If you are having a hard time finding out why your website pages are not indexing or ranking, and if none of the usual reasons you found on the Internet explain your case, here is a set of little known issues you can investigate:
2. Your page has now an invalid canonical link – Using canonical links is a common way to avoid duplicate or near duplicate content issues and penalties. However, when migrating a site from non-www to www, or when implementing secured connections (http to https), one often forgets to update canonical links or to implement proper forwarding. Although the page is still accessible from its non-canonical URL in a browser, the corresponding canonical link value is obsolete. Hence, search engines do not know what to index.
3. Your page is in a competitive niche and has few/no backlinks – Although your page may have perfect, useful and original content for your users, if it is in a competitive niche, and if there is no (or few) backlinks to this page, and if your website does not have much authority and traffic, your page may be crushed by the competition and may never get enough exposure to rank. Your page is not the issue. Google tends to give a chance to all pages with original content, but you need to patient (sometimes for weeks or months). For other search engines, you will need more backlinks, authority and traffic before they will give a real chance to your page.
4. Your content is updated too often – This is not to be confused we creating new content on your website often. If you keep modifying, updating or recreate existing content on your website, search engines may have a hard time finding out how to indexing it to serve it as a result to user queries. It is believed that Google may slow down or suspend its crawling of such pages, until the content becomes more stable. Excessively updating content can postpone indexation and proper ranking.
5. Multiple sitemaps are not registered in your robots.txt – When one creates a new website, one often creates a sitemap.xml file at the root and submits it to its favorite search engines. Other search engines can always find this sitemap by themselves, since it bears the default name and is available from the root. Later, as the site grows bigger, one can create more sitemap files bearing different names. Although one rarely forgets to submit these to their favorite search engines, other search engines are left behind with no way to find out about such new sitemaps. Hence, they don’t crawl and index corresponding pages. The solution is simple, declare all your sitemaps in your robots.txt file. You won’t need to submit them anymore and since all search engines know where to find your robots.txt file, they will know about all your sitemaps too.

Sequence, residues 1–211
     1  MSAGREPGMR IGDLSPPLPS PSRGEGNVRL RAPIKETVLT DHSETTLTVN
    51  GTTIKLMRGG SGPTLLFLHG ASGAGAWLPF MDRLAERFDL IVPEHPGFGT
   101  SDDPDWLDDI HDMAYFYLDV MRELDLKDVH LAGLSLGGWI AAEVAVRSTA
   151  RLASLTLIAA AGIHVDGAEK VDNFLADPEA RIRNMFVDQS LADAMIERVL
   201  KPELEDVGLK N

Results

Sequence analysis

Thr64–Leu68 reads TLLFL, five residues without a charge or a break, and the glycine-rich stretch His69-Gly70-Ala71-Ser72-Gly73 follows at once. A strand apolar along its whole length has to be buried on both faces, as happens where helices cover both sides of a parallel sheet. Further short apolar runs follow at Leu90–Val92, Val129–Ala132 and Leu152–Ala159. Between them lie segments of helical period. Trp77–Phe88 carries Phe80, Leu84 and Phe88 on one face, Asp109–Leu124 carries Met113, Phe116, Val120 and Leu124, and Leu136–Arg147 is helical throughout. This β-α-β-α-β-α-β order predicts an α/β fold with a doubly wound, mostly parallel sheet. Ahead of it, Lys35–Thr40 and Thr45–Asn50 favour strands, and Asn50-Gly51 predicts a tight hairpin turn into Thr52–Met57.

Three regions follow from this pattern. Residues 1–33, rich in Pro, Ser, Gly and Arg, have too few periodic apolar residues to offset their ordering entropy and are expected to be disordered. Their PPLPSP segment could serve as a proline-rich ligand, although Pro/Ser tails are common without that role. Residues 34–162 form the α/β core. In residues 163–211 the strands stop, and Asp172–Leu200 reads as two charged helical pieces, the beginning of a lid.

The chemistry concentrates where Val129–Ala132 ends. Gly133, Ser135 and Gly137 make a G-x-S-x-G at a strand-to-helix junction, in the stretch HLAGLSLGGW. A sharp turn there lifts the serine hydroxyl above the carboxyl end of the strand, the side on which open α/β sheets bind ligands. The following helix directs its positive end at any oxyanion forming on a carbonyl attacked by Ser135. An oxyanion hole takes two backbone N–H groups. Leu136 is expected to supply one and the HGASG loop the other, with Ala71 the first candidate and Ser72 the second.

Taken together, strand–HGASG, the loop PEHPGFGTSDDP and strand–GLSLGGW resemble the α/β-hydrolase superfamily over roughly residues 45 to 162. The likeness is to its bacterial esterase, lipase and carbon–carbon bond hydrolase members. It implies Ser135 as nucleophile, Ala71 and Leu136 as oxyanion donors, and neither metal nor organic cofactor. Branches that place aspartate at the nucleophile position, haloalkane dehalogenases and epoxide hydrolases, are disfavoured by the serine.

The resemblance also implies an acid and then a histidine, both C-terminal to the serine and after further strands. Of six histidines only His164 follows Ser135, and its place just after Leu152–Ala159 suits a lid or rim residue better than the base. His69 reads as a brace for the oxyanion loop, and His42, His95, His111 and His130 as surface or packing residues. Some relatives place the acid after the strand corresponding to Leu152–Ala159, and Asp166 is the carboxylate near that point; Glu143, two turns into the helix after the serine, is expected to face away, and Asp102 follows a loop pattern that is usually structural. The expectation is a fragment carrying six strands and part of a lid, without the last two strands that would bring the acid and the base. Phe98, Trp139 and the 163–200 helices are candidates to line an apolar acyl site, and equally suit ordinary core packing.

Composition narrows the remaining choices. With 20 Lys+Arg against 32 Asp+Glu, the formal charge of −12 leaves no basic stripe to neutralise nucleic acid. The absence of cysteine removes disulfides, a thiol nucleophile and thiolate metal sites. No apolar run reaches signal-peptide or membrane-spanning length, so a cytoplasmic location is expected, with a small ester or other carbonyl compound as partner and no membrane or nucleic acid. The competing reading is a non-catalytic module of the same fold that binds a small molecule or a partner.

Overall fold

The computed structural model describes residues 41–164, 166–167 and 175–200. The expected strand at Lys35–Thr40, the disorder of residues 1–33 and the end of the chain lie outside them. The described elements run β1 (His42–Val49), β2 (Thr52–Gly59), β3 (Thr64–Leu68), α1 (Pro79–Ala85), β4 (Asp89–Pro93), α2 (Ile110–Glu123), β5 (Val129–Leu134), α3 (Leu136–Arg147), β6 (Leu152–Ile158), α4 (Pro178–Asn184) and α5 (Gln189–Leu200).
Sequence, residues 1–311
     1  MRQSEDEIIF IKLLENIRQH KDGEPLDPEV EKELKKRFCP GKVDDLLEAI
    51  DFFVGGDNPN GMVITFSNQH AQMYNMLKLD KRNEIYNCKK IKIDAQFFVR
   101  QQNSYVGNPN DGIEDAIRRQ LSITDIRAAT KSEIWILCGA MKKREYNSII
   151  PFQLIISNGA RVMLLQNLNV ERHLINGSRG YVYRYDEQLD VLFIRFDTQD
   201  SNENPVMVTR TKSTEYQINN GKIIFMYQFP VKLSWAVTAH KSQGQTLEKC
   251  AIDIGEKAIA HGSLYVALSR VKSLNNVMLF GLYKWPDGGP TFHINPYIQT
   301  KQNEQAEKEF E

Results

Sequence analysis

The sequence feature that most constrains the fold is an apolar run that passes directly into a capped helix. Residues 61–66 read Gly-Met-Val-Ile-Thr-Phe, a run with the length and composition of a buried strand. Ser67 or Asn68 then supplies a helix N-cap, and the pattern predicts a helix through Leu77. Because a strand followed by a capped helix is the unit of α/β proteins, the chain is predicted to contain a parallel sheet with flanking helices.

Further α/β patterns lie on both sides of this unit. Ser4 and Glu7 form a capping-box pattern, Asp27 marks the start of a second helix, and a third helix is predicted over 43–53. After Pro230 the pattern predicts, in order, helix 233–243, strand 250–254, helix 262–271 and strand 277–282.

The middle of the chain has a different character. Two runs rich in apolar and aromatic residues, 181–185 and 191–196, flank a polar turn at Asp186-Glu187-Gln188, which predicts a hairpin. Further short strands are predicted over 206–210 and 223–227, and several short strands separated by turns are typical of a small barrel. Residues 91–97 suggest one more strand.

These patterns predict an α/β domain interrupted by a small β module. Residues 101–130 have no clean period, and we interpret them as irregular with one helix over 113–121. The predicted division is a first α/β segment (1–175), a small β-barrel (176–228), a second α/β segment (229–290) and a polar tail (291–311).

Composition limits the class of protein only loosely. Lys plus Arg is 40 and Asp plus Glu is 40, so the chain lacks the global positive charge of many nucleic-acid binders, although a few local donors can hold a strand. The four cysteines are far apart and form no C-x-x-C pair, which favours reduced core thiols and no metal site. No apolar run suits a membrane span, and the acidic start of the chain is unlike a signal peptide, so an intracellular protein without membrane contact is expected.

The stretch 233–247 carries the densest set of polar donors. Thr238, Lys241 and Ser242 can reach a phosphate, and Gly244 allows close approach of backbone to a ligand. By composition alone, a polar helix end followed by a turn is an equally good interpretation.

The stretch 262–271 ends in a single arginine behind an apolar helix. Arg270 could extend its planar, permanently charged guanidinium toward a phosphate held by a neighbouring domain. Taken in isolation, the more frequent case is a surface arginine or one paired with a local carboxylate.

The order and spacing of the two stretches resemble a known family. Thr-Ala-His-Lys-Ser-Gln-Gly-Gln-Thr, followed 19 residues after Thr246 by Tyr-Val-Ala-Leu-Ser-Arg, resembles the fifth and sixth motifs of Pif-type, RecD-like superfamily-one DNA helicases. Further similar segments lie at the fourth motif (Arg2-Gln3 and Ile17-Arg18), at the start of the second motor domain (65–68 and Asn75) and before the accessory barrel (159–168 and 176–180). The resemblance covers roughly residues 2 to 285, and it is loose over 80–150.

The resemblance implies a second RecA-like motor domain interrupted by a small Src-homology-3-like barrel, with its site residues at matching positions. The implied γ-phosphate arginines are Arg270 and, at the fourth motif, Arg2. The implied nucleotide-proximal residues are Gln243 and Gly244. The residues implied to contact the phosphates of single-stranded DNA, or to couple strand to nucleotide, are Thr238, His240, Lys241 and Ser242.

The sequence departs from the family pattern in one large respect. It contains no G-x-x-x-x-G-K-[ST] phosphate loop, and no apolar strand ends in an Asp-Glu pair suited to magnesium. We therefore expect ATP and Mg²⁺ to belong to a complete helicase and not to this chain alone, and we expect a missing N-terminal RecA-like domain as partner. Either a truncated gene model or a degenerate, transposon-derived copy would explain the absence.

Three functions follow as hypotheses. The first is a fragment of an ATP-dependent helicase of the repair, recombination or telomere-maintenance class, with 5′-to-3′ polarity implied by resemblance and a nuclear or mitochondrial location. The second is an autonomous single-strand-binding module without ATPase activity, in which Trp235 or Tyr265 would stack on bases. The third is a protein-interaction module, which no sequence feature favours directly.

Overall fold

6. Premature indexing – Many content creators are eager to have their content indexed and ranking quickly. When creating a new website, they often create sitemap.xml files with dozens if not thousands of pages which are still work-in-progress or near duplicate content, hoping this will accelerate and maximize their exposure. In fact, this achieves the opposite. For new websites, Google initially tries to find the intent of the website, which may take a couple of months. The crawling and indexing rate of a website is driven by the content quality, the number of natural backlinks and the amount of traffic. If one submits a lot of poor content early, the crawling and indexing rates will be significantly slowed down. The solution is to store all pages in the sitemap.xml, but to mark those who are not production ready as NOINDEX. When these pages becomes production ready, remove the NOINDEX tag and let search engines process them progressively.
7. Performing online sales without secured communications – If one does not implement secured connections (HTTPS) for online transactions, this means anyone can intercept and modify the communication between the server and the user’s browser. Search engines do not want to expose low quality or risky websites to their users. This is a good reason to discard such websites.
8. Improper URL parameter configuration and usage – Websites often use URL parameters to customize the content requested by users. The differences are usually minimal and cosmetics, or the returned content is a subset of what is already available elsewhere on the website. It could be considered as near duplicate content. Unfortunately, a given URL with different parameter values is considered as a separate URL to index for search engines, resulting in indexation of near duplicate content. It is possible to configure URL parameters in Bing and Google webmaster tools to avoid such issues.
9. Improper redirection to a Home page – Say your home pages is located at http://mysite.com/home.html, it is not uncommon to get backlinks to http://mysite.com or http://mysite.com/. These are considered as different URLs by search engines. If you don’t redirect those backlinks URL to your main http://mysite.com/home.html, you will loose some link juice (i.e. PageRank) and this can hamper your rankings.
More checklists to find reasons why you site and pages are not indexed or ranked are available here.
Estaban Marifiuzo likes to write about SEO for Ligatures.net